Terry Hock, Stephen A. Cohn and Charlie Martin and Nick Potts: National Center for Atmospheric Research, Boulder, Colorado;

Tony Reale: NOAA/NESDIS, Camp Springs, Maryland;

Bomin Sun and Frank Tilley: IM System Group, Camp Springs, Maryland.

5. Measuring tidal displacement using GPS

GPS is making possible high-precision, high-resolution measurements of tidal displacement that could not be achieved with other methods. Earth's surface deforms due to both body tides-the deformation of the solid Earth due to the pull of the Sun and the Moon-and ocean tides-the redistribution of water mass loading over Earth's surface. Body tides and ocean tides both have components that vary on semidiurnal, diurnal, and longer periods.

Yuan et al. used data from 456 globally distributed continuous GPS stations covering the period from 1996 through 2011 to determine the 3-dimensional crustal displacements for semidiurnal and diurnal tides. They examined the accuracy and possible sources of error in the GPS-based estimates of tidal displacements, and were able to achieve sub-millimeter precision for the first time. They also compared the GPS-based estimates with model accuracies of both body tides and ocean tides and demonstrated that the GPS-based tidal displacements are more accurate than the modeled displacements, hence providing observations that could be useful for improving the models.

Source: Journal of Geophysical Research-Earth Surface, doi:10.1002/jgrb.50159, 2013

Title: The tidal displacement field at Earth's surface determined using global GPS observations

Authors: Linguo Yuan: Faculty of Geosciences and Environmental Engineering, Southwest Jiaotong University, Chengdu, China, and Institute of Earth Sciences, Academia Sinica, Taipei, Taiwan;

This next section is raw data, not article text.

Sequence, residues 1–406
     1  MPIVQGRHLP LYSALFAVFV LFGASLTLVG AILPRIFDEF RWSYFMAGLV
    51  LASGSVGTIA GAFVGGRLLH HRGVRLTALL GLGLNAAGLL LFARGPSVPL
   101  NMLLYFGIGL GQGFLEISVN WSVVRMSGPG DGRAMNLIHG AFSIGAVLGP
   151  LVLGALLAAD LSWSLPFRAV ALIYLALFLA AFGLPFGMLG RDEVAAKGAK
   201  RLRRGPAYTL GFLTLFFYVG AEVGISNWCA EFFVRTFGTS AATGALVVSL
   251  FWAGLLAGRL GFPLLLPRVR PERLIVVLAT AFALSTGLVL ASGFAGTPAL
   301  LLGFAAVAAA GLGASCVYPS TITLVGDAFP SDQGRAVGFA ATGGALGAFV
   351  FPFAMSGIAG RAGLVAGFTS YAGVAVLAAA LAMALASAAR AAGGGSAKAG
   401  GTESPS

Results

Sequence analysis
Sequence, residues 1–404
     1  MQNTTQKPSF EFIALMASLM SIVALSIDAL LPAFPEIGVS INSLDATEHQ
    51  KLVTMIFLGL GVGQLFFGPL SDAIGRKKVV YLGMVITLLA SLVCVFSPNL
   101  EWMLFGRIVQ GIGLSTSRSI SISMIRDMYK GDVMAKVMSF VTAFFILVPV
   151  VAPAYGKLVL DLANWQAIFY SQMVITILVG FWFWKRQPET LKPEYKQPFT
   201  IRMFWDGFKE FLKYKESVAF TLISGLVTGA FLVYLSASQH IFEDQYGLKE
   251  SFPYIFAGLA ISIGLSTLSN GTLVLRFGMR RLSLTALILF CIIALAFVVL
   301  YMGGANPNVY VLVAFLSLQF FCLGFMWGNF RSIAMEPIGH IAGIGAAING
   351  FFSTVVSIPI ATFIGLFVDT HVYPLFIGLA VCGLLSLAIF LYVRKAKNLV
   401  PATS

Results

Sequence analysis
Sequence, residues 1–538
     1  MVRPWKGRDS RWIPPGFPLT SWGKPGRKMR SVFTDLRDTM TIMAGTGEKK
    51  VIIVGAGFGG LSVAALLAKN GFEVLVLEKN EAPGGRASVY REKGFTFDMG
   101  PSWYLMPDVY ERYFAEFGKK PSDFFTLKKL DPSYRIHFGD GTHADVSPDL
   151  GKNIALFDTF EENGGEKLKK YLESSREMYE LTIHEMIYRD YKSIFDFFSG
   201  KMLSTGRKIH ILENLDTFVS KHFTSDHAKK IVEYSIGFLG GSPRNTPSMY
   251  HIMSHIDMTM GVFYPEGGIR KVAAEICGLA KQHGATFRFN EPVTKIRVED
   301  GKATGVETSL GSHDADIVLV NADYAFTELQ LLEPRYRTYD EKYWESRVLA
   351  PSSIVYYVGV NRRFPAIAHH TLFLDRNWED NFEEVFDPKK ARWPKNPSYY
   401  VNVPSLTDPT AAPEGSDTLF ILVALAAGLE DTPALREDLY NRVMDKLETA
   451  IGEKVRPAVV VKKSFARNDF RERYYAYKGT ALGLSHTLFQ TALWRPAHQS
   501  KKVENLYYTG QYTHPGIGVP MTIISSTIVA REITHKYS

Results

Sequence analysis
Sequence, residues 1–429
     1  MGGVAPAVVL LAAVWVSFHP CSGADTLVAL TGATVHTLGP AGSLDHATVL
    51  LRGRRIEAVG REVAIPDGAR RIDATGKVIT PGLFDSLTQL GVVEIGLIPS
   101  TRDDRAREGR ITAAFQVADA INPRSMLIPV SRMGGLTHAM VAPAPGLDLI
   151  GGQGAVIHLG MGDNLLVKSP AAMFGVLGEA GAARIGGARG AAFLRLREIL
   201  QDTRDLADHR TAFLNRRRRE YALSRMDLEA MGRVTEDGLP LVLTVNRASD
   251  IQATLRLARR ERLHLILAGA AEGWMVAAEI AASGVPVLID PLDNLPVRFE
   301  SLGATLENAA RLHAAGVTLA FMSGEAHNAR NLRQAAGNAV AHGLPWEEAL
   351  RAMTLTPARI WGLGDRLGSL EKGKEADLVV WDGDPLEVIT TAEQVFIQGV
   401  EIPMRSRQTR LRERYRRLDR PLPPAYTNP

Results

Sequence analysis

Benjamin Fong Chao: Institute of Earth Sciences, Academia Sinica, Taipei, Taiwan;

Xiaoli Ding: Department of Land Surveying and Geo-Informatics, The Hong Kong Polytechnic University, Kowloon, Hong Kong, China;

Ping Zhong: Faculty of Geosciences and Environmental Engineering, Southwest Jiaotong University, Chengdu , China.

6. Hydrology affects carbon storage potential of prairie potholes

Prairie potholes, the small, dynamic, unconnected ponds that dot central Canada as well as parts of the north-central United States, can store significant amounts of soil nutrients that can be transformed to carbon dioxide and other greenhouse gases. Scientists would like to better understand how these regions could contribute to climate warming, but there are challenges, given the large heterogeneity in greenhouse gas emissions over the prairie pothole landscape.

To help gain a better understanding of the factors that influence these emissions, Creed et al. measured fluxes of carbon dioxide, methane, and nitrous oxide from the soils in the prairie pothole region of central Canada, along with hydrologic properties such as soil moisture. They find that soil moisture was an important driver of the differences in carbon dioxide emissions. Soil moisture controls occurred at multiple scales, from ridge to valley along individual potholes at the finest scale, and from the southern limit to the northern limit of potholes in Canada at the coarsest scale. By integrating these soil moisture controls across fine-to-coarse scales, the authors were able to show the potential contribution of prairie potholes to warming changes across the region. Greenhouse gas emission was smallest in the drier south, where the largest emissions came from the lowland area at the land-water interface, while in the north, large emissions came from a broader area of the hill slope.

The authors conclude that if hydrologic factors are not taken into account, studies could significantly underestimate or overestimate the potential effects of prairie pothole regions on warming.

Source: Journal of Geophysical Research-Biogeosciences, doi:10.1002/jgrg.20050, 2013

Title: Hydrologic profiling for greenhouse gas effluxes from natural grasslands in the prairie pothole region of Canada

Authors: Irena F. Creed, Johnston Miller, David Aldred, Jennifer K. Adams, and Salvatore Spitale: Department of Biology, Western University, London, Ontario, Canada;

Rick A. Bourbonniere: Water Science and Technology Directorate, Environment Canada, Burlington, Ontario, Canada.